When we got back from touring Europe there was a great review by Neil Taylor in the NME. The Jesus and Mary Chain were the new Sex Pistols, he said!
I met Jeff Barrett for the first time then. They were the days we all wore leather trousers. Ours were fitted but Jeff’s were ahead of his time: he had the Happy Mondays look, in leather. Jeff had booked the Jesus and Mary Chain to play in Plymouth immediately after they’d got back from the European tour. We found it hard to get audiences for the band in London so I didn’t really believe he’d get any people to show up. But he did a brilliant job promoting it. First he rang the local radio station to wind them up. ‘They’re blasphemous, you know, they incite riots. They’re coming here!’ That sort of thing. I was doing it myself too. The local newspaper got hold of it and the gig sold out. There were cops, reporters, and loads of teenagers. Yeah, I thought, I like your style. Jeff was a brilliant guy, an enthusiast, believed in what we doing in the same way we believed. ‘What the fuck are you doing down here?’ I asked him, and it wasn’t long before I’d invited him to join the gang in London. He ended up working as our publicist, before he set up and had great success with Heavenly records.
‘Upside Down’ took a while to get going. Number 34 in the indie chart in its first week. Bobby had printed the sleeves for a thousand copies and sent them down from the printers he worked at in Glasgow. Then the press coverage of the gigs started and the radio play on John Peel’s show every night and suddenly Joe Foster and I were banging speed up our noses in my house and desperately trying to fold sleeves for thousands of records. Bobby would have more sleeves printed and sent down; we’d fold them into little plastic bags with the records. Fifty thousand records in the end – it was incredible numbers. We couldn’t fold the sleeves fast enough and as soon as we’d done a box someone at Rough Trade would whisk them away and onto a lorry.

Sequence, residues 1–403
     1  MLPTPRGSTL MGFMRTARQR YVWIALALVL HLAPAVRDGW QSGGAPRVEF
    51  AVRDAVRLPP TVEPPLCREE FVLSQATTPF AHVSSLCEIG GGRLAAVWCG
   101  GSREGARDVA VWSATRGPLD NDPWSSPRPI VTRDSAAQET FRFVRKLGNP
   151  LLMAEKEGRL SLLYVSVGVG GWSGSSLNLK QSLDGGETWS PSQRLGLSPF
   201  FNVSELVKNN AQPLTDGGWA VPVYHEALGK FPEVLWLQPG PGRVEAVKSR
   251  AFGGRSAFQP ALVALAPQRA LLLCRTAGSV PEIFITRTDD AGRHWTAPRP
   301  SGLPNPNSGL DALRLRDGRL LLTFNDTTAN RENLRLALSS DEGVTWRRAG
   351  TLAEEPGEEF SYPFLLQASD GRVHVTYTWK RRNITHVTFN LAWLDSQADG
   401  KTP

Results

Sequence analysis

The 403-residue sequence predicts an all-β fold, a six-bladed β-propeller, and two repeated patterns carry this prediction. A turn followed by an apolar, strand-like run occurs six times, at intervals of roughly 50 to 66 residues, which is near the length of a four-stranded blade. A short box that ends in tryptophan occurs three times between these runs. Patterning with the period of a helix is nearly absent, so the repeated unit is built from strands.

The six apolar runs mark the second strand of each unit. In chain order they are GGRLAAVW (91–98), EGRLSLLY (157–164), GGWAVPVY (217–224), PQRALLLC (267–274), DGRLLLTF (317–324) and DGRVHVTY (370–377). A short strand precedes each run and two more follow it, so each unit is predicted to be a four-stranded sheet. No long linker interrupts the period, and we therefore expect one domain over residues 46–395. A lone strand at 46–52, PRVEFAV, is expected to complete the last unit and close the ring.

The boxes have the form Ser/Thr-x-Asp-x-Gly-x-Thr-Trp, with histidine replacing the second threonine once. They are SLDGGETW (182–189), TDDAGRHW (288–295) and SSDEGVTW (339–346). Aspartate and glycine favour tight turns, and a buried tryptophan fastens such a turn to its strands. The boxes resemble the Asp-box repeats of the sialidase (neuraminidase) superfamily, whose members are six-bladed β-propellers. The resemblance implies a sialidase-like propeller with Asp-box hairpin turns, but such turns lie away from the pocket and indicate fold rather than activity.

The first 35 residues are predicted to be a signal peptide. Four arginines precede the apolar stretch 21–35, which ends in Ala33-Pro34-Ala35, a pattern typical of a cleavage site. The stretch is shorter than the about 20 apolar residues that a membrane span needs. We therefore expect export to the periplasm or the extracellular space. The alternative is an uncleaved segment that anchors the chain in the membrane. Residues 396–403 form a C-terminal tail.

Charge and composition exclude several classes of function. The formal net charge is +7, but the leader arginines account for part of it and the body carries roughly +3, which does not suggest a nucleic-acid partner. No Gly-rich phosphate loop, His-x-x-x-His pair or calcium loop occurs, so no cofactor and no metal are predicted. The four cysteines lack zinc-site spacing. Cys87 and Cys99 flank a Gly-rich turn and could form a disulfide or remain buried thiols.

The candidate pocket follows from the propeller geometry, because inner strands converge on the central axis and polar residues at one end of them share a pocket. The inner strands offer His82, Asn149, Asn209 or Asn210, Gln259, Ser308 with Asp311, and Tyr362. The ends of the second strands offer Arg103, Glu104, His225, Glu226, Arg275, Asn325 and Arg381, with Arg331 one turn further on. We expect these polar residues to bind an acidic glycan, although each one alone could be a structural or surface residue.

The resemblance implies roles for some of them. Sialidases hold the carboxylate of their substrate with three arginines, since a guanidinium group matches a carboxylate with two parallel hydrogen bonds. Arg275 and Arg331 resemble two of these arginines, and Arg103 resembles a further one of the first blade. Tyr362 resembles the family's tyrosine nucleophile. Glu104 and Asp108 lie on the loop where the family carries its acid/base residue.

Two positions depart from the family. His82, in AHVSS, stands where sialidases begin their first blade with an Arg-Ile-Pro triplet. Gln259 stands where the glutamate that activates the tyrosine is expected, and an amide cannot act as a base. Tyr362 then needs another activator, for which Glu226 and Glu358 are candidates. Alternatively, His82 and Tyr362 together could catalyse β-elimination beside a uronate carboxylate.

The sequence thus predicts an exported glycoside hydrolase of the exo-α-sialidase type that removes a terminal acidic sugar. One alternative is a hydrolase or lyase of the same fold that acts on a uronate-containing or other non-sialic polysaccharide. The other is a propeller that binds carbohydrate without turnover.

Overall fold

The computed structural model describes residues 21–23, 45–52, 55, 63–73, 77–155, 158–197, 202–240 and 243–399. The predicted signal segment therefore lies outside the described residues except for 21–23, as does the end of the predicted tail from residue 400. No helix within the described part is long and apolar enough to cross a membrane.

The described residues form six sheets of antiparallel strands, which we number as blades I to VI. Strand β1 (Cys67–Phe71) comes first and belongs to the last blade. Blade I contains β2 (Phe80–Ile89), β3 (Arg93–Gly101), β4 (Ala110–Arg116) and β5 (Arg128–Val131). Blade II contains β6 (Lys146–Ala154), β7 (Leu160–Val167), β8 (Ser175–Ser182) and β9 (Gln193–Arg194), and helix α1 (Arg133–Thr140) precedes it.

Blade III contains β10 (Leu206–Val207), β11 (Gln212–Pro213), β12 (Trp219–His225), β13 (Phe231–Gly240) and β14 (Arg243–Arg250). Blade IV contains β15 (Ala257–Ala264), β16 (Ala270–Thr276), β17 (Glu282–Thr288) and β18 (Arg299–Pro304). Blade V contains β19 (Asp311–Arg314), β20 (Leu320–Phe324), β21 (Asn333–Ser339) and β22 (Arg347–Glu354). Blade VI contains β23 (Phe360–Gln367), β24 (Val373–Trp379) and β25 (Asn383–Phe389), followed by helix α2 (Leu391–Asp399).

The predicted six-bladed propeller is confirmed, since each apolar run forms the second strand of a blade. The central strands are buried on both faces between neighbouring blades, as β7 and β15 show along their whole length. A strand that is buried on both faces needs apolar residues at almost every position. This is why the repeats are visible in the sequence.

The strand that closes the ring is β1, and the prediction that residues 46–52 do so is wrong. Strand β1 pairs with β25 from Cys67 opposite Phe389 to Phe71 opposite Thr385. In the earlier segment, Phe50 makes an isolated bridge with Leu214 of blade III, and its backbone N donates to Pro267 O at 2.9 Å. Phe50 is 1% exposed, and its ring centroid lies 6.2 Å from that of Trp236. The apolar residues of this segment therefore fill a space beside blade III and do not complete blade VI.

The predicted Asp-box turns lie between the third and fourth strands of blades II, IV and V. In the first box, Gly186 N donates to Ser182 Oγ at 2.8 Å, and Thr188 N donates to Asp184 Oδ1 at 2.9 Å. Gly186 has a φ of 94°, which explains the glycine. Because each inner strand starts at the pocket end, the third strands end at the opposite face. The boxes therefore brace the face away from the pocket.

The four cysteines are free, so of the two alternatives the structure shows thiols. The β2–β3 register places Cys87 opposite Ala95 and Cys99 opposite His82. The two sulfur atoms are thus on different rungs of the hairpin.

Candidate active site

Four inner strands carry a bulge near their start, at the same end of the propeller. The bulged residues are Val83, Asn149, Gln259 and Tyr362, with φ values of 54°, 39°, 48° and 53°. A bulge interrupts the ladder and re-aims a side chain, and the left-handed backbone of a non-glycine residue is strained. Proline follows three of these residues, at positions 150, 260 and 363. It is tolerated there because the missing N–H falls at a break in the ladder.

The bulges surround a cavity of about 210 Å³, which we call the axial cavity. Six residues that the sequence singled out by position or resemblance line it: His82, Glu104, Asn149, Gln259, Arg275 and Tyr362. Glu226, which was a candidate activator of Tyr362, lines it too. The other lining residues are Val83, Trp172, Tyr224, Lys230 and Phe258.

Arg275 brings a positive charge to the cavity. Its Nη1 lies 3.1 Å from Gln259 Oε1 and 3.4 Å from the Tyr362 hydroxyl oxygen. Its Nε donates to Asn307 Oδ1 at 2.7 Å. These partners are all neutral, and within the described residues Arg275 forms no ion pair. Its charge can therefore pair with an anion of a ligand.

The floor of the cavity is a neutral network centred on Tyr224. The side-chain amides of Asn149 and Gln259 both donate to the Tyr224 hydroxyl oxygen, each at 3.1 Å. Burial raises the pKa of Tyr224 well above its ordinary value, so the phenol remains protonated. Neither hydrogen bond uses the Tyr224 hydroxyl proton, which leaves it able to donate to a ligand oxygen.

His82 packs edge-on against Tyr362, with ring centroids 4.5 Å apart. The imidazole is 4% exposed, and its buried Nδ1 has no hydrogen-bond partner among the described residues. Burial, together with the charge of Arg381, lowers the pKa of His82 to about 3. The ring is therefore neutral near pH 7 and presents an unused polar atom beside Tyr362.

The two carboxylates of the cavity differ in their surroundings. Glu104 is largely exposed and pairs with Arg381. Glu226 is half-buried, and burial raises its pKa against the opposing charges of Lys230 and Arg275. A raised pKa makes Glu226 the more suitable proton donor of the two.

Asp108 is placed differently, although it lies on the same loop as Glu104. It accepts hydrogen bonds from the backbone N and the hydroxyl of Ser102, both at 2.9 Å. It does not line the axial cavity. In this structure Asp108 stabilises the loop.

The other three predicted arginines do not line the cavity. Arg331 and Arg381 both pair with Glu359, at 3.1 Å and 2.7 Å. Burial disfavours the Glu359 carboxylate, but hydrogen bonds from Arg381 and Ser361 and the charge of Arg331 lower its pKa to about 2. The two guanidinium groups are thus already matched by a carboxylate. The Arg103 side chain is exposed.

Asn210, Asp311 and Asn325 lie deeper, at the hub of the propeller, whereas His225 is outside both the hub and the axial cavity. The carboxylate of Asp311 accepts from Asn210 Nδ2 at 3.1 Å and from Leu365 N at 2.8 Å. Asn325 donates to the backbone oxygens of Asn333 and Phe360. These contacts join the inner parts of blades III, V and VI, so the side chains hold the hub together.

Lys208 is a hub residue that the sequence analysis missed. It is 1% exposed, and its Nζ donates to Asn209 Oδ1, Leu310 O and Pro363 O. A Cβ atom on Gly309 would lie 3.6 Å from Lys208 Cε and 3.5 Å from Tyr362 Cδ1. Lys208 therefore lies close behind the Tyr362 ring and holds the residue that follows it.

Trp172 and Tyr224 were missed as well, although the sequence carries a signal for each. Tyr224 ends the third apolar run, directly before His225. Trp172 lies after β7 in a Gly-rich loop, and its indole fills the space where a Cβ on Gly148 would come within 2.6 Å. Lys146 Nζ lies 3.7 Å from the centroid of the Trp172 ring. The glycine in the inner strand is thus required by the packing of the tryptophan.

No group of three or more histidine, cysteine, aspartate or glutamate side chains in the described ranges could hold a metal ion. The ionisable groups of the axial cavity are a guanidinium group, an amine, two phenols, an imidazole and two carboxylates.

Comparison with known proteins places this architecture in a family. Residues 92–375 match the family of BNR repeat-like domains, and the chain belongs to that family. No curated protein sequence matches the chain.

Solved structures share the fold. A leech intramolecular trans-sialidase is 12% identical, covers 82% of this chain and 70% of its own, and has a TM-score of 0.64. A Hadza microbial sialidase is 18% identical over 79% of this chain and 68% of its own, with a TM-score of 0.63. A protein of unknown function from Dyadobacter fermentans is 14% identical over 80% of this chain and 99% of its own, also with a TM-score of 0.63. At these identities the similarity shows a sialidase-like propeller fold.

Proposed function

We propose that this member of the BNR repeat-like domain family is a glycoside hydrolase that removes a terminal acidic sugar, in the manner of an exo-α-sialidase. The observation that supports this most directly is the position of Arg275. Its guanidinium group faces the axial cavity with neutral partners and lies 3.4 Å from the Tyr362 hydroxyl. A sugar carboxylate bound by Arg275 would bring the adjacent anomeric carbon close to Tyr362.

I knew then that we weren’t big enough to keep the Jesus and Mary Chain, but I was their manager as well as their label. (I don’t remember asking to be their manager, I don’t remember them asking me to be their manager, I just somehow was their manager.) I had a job to do and a commission to earn by finding them a good deal on a bigger label. Geoff Travis at Rough Trade had a new label, Blanco y Negro, which acted like an indie but was a puppet label of Warner Brothers. Whether he wore sandals or not, Travis was an A&R man for a major label. The meeting took place in Glasgow, in my mum and dad’s front room. I’ve seen this written up as me trying to provoke Travis by insisting he travel to Scotland. But the band lived in Scotland then, it was convenient for them! The truth of the matter is, I hadn’t been on a plane in a while and I fancied going on one to see them. It wasn’t me being Malcolm McLaren, it was me being a kid who wanted to go on a plane! The meeting went okay. The brothers were typically upbeat, staring at my mum’s carpet as if their own mum had just died, but Geoff said the right things. They saw him as a good halfway house: someone with indie values but the power of the corporation.